'Gary: A Sequel to Titus Andronicus': Theater Review

Gary Production Still 2 - Publicity - H 2019
Julieta Cervantes
A bloody mess.

Nathan Lane stars with Kristine Nielsen and Julie White in this absurdist follow-up to Shakespeare's violent tragedy, written by Pulitzer Prize finalist and MacArthur "Genius Grant" recipient Taylor Mac.

You have to hand it to the producers of Gary: A Sequel to Titus Andronicus: They have guts. The latest work from acclaimed playwright Taylor Mac wouldn't seem the likeliest of hits in a Broadway environment littered with children's shows and presold properties, even if it does star three-time Tony winner Nathan Lane. But that hasn't dissuaded the intrepid group from presenting this no-holds-barred raunchfest, a "sequel" to one of Shakespeare's lesser-known and -regarded tragedies, featuring a plethora of scatological gags revolving around bodily fluids and gas escaping from corpses.

It would be a pleasure to report that the gamble has paid off, at least creatively. Unfortunately, despite the tremendous abundance of talent both onstage and off, the production is mainly notable for being the most batshit-crazy thing to be seen on Broadway in many a moon.

Despite the play's subtitle, you don't really have to bone up on its inspiration beforehand, although it will help you appreciate some of the throwaway jokes and references. All you need to know is that Shakespeare's play about a murderous Roman general concludes with a bloody banquet-room massacre that makes the Red Wedding on Game of Thrones seem tame by comparison.   

The aftermath of that carnage is on ample display in Santo Loquasto's hilariously lavish set dominated by a giant mound of male corpses. Arriving to clean up the mess are Gary (Lane), a clown who has been promoted to "maid" for the occasion but who aspires to the role of Fool, and an experienced servant, Janice (Kristine Nielsen, a last-minute replacement for Andrea Martin, who was injured during rehearsals). Literally popping up at times is Carol (Julie White), a nurse who had a pivotal role in the previous goings-on and was wrongfully thought to be dead.

It's a big job, and a disgusting one at that. The experienced Janice instructs Gary on exactly how to manipulate the bodies so that gas can escape from their orifices (Dan Moses Schreier's gleeful, whoopie cushion-style sound design allows us to hear every emission in all its amplified glory). She also shows him how to siphon out the corpses' fluids, a task accompanied by no small amount of risk if you suck on the wrong tube.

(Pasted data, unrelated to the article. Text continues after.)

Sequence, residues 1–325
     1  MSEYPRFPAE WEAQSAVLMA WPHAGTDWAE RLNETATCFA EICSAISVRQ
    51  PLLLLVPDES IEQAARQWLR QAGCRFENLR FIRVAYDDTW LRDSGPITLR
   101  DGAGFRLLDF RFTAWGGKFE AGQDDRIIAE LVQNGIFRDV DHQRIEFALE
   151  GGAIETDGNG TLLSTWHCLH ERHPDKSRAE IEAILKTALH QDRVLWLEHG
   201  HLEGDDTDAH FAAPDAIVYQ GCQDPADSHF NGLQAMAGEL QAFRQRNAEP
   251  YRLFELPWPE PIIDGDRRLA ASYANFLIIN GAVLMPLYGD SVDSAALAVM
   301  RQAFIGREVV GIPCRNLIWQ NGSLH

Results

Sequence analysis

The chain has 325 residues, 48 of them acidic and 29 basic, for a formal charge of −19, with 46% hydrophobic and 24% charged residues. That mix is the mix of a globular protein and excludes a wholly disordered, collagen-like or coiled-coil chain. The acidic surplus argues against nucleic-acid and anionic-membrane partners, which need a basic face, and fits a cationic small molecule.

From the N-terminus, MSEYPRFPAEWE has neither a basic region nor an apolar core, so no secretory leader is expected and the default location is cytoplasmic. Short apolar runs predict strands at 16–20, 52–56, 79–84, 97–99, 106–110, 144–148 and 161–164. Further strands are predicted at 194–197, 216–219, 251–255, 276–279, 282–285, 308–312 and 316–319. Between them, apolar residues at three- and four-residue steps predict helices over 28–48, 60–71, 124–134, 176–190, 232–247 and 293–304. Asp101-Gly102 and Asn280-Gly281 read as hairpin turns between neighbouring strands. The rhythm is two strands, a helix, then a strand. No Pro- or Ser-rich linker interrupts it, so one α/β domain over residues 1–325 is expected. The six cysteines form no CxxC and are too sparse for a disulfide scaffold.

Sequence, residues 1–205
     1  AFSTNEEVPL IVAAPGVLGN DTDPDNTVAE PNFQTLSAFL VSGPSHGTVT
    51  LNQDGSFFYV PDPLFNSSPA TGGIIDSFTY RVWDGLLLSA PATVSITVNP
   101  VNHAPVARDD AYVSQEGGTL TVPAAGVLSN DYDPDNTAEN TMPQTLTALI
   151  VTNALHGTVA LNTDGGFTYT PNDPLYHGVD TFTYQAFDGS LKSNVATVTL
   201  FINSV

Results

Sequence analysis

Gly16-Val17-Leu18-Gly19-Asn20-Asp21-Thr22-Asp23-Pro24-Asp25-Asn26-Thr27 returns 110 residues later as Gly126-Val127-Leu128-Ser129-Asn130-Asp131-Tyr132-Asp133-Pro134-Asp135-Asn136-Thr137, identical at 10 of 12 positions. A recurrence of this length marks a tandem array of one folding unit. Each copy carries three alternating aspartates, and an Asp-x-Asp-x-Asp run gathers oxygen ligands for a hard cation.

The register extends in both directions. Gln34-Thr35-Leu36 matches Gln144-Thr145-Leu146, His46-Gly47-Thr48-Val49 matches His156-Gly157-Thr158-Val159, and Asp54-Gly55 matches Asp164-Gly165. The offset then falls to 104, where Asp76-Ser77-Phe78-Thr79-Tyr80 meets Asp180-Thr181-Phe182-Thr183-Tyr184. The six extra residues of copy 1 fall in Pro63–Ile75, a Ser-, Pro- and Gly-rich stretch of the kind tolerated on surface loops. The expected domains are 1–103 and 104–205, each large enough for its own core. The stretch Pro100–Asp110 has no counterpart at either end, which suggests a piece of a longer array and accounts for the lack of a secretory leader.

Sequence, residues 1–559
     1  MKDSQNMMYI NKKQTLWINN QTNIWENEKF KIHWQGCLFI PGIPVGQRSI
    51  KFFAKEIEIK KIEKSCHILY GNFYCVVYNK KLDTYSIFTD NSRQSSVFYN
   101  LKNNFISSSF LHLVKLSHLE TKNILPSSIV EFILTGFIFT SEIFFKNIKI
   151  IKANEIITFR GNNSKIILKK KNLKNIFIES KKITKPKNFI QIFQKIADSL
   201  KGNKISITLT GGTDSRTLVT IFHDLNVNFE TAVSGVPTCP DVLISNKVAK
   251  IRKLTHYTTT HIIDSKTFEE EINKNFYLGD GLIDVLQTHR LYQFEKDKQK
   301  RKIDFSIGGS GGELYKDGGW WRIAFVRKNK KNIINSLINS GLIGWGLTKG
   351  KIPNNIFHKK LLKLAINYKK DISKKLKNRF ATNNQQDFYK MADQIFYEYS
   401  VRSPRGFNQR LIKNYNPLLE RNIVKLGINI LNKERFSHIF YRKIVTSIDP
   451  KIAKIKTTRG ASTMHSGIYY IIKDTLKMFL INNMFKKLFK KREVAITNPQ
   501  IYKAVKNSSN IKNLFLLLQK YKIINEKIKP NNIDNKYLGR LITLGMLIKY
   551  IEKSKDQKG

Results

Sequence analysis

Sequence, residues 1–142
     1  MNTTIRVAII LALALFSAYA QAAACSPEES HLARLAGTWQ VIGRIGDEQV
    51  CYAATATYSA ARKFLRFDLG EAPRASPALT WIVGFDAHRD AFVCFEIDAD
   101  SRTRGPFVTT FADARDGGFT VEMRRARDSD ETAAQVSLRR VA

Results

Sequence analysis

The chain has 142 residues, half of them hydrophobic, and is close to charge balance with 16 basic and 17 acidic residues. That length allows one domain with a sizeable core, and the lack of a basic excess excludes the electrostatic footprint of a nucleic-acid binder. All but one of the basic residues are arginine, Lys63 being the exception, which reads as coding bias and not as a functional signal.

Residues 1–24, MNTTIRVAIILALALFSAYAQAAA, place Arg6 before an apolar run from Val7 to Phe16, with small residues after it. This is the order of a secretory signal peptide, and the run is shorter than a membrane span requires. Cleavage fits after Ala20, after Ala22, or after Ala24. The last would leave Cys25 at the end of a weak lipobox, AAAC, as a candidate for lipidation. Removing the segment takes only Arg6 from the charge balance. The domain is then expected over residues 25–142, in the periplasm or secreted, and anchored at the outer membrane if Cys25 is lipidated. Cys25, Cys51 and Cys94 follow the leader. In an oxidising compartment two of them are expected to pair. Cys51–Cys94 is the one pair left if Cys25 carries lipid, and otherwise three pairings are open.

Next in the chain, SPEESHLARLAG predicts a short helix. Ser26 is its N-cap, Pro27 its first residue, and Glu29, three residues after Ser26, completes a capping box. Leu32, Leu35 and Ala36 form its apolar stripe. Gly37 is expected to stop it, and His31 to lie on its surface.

That pretty much describes the plot of the piece, which strains for existential vaudeville but mainly comes across as an attenuated and increasingly tiresome sketch. To be sure, there are plenty of laughs, at least for a while, which is not surprising considering the expert farceurs onstage.

All three actors deliver virtuosic comic performances, although why they are speaking in cockney accents is a mystery. Lane, decked out in a fright wig and pancake makeup, seems to have been genetically designed for this sort of clowning; he makes the most of his character's every encounter with a cadaver's erect penis or severed body part. Nielsen (who shone in the playwright's absurdist family drama Hir) similarly makes an art of comic exasperation. And White is a delight as the guilt-ridden nurse who makes her first appearance with geysers of blood spewing out of her neck.   

But the cast's highly physical efforts (aided by Bill Irwin, credited in the program with "Movement") can only go so far in propping up this flimsy farce with pretensions. Intermixed with the elaborate shenanigans, including a chorus line of dead Roman soldiers with dangling erections, are pseudo-philosophical speeches about societal power imbalances, how the little people are so often forced (literally in this case) to clean up after the bigwigs and the transformative power of art. Gary's repeated expressions of his desire to "save the world" might have been poignant in their futility if we had any emotional connection to the character. But we don't.  

Director George C. Wolfe demonstrates here that farce isn't his strong suit; despite the near-constant physical shtick, the proceedings feel much longer than their 95 minutes. It's clear that no expense has been spared on the production, which even features original, if unmemorable, music by no less an esteemed composer than Danny Elfman. But for all the heavyweight talents involved, this labored effort from Mac, a recipient of the MacArthur "Genius Grant" and a Pulitzer Prize finalist for the epic performance piece A 24-Decade History of Popular Music, has little more substance than the gas frequently emitted onstage.

Venue: Booth Theatre, New York
Cast: Nathan Lane, Kristine Nielsen, Julie White
Playwright: Taylor Mac
Director: George C. Wolfe
Set designer: Santo Loquasto
Costume designer: Ann Roth
Lighting designer: Jules Fisher, Peggy Eisenhauer
Music: Danny Elfman
Sound designer: Dan Moses Schreier
Movement: Bill Irwin
Presented by Scott Rudin, Barry Diller, Eli Bush, Eric Falkenstein, Suzanne Grant, No Guarantees, Universal Theatrical Group, James L. Nederlander, Columbia Live Stage, John Gore Organization, Spring Sirkin, Jay Alix & Una Jackman, Jamie deRoy, Wendy Federman, Barbara Manocherian, Al Nocciolino, Bruce Robert Harris & Jack Batman, Adam Rodner, Joey Parnes, Sue Wagner, John Johnson